Are we trying so hard to retain our staff that we are driving away our high performers?

“Finding good staff is a nightmare”. “It’s better to have someone that does an ok job than have no one at all”. “That person’s a bit negative, but we just need someone to do the work”.

I won’t sugar coat it – attracting and keeping great staff is hard. When you want to hire the top 10 percenters (T10Ps as Judith Beck calls them), well, by definition they are only 10% of the workforce, and your company isn’t the only one trying to attract these people.

Add in a “Great resignation” and the tiredness that is still a hangover from the pandemic and it’s a tricky situation.

So it’s understandable that people are holding onto staff for dear life sometimes regardless of performance (or lack thereof).

At NEP we are seeing an increasing tendency for people to tolerate average performers, or negative people, with many truly believing they will never find someone else to replace that person.

But at what cost?

What they often fail to notice is that everyone else’s energy and therefore productivity may be getting dragged down by tolerating these people.

Research on high performance shows that high performers like to work with others who share their values. If you do a values assessment on high performers, one of their top values will be something around achievement / results-orientation. So, they like to work with others who share this value.

Therefore if you tolerate the average or negative performers, the engagement of the high performers will start to wane as they look around for other places with high performers for them to work with. And they will be snapped up in no time.

So what to do?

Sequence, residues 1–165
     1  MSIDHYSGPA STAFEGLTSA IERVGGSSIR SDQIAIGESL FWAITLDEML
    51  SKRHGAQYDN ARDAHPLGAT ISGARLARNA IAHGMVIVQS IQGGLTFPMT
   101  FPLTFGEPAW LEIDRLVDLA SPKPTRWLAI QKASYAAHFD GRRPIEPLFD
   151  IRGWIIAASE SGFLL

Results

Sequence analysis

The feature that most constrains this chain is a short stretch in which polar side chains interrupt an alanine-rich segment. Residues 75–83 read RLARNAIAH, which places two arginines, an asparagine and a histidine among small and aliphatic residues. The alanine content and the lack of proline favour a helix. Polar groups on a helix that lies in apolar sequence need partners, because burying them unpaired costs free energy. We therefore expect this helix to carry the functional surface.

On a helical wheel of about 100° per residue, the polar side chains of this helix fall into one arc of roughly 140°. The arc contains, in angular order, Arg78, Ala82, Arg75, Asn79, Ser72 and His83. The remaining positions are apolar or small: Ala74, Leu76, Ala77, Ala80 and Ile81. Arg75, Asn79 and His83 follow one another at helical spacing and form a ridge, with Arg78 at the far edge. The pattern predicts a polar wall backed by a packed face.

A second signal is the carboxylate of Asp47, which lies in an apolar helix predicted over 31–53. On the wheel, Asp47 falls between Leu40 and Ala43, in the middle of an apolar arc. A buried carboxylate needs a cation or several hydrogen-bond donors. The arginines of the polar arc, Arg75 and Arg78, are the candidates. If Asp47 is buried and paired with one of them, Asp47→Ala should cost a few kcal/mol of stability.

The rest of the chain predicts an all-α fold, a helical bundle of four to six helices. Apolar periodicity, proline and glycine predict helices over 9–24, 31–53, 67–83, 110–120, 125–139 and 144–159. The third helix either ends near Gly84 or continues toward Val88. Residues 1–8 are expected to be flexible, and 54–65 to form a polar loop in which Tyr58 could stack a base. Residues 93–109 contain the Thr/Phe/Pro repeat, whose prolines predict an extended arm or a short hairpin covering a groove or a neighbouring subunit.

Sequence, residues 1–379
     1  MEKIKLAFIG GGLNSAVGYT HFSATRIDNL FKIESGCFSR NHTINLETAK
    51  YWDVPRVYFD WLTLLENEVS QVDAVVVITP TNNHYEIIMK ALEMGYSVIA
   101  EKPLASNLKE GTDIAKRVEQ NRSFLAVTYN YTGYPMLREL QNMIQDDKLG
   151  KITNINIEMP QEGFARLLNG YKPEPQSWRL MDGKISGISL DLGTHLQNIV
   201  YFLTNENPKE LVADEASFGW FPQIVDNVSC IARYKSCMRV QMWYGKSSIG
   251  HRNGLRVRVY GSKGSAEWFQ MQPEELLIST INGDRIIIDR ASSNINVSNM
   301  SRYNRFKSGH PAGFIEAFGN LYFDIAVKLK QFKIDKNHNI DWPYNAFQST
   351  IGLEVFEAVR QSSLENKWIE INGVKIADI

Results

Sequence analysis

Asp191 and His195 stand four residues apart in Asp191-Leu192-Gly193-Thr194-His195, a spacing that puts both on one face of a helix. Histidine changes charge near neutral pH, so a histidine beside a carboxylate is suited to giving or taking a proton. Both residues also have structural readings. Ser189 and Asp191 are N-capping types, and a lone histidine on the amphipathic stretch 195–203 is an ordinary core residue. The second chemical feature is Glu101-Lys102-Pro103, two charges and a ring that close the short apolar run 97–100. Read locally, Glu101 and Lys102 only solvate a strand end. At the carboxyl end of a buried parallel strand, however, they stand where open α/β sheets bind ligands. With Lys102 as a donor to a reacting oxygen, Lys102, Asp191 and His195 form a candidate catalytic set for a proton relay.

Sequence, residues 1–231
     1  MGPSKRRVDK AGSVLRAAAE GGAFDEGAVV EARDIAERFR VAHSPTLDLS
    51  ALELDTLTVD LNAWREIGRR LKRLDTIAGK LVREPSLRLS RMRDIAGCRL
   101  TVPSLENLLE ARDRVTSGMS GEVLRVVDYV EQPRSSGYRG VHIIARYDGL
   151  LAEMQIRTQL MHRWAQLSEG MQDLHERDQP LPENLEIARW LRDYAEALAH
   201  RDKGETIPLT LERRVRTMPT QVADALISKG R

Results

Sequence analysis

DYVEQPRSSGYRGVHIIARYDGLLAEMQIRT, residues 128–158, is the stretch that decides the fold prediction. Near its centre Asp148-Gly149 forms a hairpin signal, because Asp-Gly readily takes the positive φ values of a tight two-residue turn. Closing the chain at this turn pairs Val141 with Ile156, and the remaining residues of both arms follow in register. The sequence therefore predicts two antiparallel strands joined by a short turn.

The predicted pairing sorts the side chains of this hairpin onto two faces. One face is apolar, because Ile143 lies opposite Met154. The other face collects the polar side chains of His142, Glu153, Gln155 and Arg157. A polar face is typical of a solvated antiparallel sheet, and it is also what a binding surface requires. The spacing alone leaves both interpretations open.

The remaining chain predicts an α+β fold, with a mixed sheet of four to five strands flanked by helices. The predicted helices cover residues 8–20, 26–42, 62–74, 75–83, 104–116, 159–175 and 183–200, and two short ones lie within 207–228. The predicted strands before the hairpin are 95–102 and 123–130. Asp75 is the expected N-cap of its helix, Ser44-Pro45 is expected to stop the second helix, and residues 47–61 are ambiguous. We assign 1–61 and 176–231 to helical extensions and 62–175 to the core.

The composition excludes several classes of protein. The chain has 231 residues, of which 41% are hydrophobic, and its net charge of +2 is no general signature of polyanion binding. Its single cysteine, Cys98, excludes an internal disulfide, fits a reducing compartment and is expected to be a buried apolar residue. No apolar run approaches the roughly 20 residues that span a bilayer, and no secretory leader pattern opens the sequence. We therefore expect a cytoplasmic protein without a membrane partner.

The first thing to look at is the leadership – is it a lack of leadership which has perpetuated the issue? Could the person be lifted up with better leadership? This includes things like:

  • clearly articulating the culture that you have and want to preserve
  • having the right induction programs around mindset and behaviours
  • having the right KPIs, beyond just the job description so that everyone is very clear on what is expected of them to perform
  • ensuring coaching conversations take place in real time rather than ignoring sub-par behaviours
  • openly rewarding and acknowledging people who are doing the right things.


Assuming the leadership is appropriate and the person still isn’t where you need them to be, some form of action needs to be taken. Otherwise you will indirectly start driving away your great staff.

Interestingly, when our clients find that these problematic people decide to leave, they initially panic about how the work is going to get done. Once they get over the initial panic, they end up being pleasantly surprised by how the energy and productivity of others suddenly lifts.

And it’s often a good opportunity for them to think about restructuring some of the tasks and roles so that people can really work on what energises, and then they end up hiring for a slightly different role anyway.

Funnily enough none of our clients have ever regretted the departure of their average or sub-par staff.

If you would like to discuss attracting and retaining great staff, please contact us to book your 45 min complimentary Performance Call.